April 30, 2015 report
Astronomers use space particles to measure electrical field in thunderstorms
(Phys.org)—A very large team of European astronomers has found that they were able to measure the degree of electrical activity in thunderstorms using information derived by collisions of space particles with Earth's atmosphere. In their paper published in Physical Review Letters, the researchers describe how they used data obtained over a several year period from an observatory to calculate thunderstorm voltage activity.
Despite living with thunderstorms for our entire existence, we humans still do not really know much about the lightning they spawn, and worse when and where such strikes will occur. One bit of information scientists would like to have is the amount of electricity produced during storms, which could help reveal more about the formation of lightning. Getting that information has been difficult because storms are unpredictable and the tools available for research efforts are not optimal.
In this new effort, the research team found a completely different way to measure the electrical field in a thunderstorm—by tracking secondary particles that are produced when cosmic rays collide with atmospheric atoms, or when gamma rays decay into pairs of electrons. In both cases, the result is a shower of particles falling to Earth in a predictable way. It was that predictability that allowed researchers to use them to measure electrical patterns in thunderstorms. If a thunderstorm passes over an observatory, the researchers inside are able to detect changes in the trajectory of such secondary particles that result due to interaction with electricity in the clouds.
By plotting the trajectories of a lot of the particles that fell in the past (over the years 2011–2014 using the Low Frequency Array (LOFAR) radio telescope in the Netherlands) the researchers were able to note changes wrought by thunderstorms (changes in trajectories versus times when there were no storms) and to make out where the electricity was in those storms (by creating a computer simulation) and how much was there.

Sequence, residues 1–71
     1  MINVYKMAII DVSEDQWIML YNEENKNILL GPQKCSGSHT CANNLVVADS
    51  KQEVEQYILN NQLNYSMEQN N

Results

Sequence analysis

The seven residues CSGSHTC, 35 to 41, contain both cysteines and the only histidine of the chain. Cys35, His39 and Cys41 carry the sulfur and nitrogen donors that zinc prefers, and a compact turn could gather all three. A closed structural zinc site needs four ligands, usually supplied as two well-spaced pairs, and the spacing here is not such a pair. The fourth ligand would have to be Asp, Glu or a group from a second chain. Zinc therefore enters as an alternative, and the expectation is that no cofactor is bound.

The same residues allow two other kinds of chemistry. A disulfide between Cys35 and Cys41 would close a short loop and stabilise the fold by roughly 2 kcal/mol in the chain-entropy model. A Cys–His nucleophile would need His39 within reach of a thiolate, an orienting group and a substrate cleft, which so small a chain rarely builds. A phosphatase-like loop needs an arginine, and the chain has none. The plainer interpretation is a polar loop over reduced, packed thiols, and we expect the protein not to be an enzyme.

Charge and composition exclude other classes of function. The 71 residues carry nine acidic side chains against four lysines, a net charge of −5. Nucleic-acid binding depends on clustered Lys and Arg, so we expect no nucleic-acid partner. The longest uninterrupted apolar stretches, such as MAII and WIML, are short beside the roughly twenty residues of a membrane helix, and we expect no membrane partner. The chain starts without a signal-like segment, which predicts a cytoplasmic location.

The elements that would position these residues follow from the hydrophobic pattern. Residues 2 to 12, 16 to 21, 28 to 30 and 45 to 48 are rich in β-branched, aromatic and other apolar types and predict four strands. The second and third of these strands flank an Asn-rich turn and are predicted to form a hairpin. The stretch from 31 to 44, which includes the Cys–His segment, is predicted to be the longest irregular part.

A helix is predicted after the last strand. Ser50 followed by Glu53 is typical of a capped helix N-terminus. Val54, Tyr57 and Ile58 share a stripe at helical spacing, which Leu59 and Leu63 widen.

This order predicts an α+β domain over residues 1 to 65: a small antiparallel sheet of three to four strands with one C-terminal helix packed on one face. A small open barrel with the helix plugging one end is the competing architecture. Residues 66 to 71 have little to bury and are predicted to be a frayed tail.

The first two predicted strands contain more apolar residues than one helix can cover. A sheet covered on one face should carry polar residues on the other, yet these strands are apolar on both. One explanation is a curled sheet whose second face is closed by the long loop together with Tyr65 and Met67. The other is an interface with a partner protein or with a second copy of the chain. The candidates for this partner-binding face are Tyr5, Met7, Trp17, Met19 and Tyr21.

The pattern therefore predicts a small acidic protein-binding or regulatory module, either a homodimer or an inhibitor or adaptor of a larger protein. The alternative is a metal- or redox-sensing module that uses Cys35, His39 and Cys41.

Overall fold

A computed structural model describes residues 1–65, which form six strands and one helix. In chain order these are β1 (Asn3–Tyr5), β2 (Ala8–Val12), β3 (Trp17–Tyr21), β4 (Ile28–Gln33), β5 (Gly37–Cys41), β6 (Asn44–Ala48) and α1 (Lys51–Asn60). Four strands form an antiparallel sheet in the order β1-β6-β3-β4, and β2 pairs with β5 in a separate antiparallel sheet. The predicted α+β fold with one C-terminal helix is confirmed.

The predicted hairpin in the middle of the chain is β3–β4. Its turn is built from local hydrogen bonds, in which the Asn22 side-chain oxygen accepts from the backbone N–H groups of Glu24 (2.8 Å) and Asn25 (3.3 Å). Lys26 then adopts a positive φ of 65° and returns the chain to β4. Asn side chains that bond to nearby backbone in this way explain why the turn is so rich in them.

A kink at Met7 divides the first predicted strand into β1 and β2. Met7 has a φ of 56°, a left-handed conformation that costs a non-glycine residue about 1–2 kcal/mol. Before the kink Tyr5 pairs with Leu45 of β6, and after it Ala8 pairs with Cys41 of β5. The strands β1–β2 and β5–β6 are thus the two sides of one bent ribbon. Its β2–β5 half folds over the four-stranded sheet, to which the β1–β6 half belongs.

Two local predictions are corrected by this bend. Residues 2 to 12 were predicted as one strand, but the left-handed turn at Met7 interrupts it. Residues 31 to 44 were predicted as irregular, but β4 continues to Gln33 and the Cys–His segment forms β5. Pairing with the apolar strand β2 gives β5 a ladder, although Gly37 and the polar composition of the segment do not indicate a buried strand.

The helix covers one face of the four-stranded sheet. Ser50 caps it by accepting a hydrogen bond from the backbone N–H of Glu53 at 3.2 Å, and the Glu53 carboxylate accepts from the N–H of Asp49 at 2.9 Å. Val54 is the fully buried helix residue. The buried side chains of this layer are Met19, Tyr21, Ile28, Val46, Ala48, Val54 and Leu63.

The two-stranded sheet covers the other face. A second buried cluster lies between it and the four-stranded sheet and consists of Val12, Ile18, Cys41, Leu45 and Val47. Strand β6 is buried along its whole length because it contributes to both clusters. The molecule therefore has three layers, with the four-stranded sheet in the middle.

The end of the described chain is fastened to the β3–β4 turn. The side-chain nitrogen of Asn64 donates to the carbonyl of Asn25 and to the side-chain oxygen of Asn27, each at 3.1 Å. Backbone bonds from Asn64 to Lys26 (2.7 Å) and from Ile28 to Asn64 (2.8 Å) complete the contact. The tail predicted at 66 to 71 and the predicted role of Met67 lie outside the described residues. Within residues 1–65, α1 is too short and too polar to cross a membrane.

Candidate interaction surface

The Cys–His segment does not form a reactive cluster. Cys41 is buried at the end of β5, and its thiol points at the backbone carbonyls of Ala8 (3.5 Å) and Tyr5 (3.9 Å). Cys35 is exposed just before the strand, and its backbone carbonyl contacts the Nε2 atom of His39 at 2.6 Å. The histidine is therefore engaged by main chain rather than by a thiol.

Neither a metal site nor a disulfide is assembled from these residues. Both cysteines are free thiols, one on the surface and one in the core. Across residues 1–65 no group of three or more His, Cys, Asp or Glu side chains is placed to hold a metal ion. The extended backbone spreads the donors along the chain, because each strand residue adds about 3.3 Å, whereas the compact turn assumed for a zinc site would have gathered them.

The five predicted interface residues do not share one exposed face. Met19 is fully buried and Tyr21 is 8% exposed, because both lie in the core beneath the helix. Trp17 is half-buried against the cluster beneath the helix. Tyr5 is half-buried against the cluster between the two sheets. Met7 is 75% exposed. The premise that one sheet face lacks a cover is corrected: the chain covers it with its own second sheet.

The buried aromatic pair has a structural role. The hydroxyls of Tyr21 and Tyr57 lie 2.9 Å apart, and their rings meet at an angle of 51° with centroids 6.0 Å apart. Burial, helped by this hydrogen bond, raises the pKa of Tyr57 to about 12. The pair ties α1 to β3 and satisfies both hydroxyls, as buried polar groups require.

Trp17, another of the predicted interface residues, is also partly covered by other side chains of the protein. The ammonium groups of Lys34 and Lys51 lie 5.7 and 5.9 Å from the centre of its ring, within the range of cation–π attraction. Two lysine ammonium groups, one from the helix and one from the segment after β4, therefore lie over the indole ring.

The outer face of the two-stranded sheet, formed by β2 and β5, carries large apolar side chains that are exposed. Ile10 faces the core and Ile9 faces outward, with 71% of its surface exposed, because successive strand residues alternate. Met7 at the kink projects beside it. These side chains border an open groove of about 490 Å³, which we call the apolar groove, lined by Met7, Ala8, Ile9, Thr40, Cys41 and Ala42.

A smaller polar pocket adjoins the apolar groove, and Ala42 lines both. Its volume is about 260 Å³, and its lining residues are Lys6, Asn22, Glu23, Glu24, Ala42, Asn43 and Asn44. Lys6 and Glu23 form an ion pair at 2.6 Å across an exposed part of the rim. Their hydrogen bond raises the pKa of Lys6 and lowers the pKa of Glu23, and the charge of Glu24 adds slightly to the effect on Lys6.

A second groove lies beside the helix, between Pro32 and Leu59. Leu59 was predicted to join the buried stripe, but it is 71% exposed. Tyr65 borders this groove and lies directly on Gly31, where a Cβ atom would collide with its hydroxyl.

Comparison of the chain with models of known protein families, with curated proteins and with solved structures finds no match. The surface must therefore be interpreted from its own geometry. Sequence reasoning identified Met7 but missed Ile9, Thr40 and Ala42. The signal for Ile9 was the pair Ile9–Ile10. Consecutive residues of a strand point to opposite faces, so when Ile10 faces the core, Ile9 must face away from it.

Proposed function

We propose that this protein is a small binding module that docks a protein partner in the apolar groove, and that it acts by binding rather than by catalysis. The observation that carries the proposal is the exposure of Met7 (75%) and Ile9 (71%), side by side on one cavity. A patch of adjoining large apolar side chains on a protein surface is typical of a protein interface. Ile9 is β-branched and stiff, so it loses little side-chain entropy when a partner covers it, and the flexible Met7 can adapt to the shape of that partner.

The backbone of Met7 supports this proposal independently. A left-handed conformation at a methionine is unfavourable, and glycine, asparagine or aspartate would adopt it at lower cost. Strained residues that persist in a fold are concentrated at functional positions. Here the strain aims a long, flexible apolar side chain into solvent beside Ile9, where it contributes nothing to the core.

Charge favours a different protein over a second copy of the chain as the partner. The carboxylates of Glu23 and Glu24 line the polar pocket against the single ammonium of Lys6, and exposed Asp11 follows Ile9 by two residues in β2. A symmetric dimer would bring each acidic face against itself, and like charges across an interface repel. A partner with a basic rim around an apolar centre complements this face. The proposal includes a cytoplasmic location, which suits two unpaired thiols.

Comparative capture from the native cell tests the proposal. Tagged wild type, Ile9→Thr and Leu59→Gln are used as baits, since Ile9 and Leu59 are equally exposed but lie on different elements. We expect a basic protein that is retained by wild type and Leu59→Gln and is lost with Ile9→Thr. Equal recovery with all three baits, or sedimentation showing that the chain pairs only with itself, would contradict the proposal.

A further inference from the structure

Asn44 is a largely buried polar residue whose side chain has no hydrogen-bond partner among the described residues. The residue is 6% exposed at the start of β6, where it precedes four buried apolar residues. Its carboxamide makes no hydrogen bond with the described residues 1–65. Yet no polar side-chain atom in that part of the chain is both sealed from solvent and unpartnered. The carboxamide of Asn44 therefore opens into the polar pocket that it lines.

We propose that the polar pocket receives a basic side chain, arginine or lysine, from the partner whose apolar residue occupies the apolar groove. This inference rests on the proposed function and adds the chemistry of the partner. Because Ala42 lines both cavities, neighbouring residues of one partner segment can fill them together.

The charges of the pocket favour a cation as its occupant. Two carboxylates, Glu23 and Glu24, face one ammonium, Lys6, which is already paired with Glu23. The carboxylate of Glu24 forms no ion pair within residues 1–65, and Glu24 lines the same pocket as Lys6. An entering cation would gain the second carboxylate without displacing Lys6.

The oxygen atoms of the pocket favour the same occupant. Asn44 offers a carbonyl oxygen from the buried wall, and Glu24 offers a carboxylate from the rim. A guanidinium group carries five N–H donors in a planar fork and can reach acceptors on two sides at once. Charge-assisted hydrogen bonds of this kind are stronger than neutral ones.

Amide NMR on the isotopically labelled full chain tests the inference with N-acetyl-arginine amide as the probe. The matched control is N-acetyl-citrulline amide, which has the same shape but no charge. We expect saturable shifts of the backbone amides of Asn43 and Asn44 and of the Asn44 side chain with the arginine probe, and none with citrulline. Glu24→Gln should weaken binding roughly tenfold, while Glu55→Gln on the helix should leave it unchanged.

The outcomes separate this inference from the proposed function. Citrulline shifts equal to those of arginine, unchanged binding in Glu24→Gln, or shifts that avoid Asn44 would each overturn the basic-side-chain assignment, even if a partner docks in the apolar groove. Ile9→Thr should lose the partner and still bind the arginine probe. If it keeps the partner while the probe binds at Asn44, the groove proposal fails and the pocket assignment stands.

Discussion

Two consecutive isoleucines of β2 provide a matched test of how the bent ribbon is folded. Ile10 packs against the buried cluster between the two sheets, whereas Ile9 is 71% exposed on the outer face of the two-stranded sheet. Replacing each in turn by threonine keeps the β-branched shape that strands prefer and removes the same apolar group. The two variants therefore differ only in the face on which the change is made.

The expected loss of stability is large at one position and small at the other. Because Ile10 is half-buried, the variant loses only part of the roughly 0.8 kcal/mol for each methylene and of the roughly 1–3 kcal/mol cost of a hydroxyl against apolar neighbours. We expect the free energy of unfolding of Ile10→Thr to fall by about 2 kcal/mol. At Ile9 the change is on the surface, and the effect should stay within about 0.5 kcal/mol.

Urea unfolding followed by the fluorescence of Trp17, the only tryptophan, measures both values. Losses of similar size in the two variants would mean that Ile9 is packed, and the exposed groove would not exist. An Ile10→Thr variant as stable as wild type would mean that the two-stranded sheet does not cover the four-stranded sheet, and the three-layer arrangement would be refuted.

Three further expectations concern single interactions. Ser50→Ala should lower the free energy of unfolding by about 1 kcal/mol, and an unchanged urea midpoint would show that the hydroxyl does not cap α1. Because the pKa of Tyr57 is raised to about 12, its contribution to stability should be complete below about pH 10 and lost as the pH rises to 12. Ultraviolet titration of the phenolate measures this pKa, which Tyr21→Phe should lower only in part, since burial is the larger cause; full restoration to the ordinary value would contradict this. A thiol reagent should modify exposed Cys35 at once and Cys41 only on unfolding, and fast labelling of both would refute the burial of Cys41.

In looking at the data, the researchers were able to confirm a theory that suggested that thunderstorms have two layers of electrical activity—the gradient ran from 50 kV/m in the upper layer, to 27 kV/m in the lower layer. The team believes their findings could lead to further studies being conducted with the aim of helping to better understand the nature of lightning in storms in general, and perhaps leading to ways to better predict when lightning strikes will occur and where.
We present measurements of radio emission from cosmic ray air showers that took place during thunderstorms. The intensity and polarization patterns of these air showers are radically different from those measured during fair-weather conditions. With the use of a simple two-layer model for the atmospheric electric field, these patterns can be well reproduced by state-of-the-art simulation codes. This in turn provides a novel way to study atmospheric electric fields.
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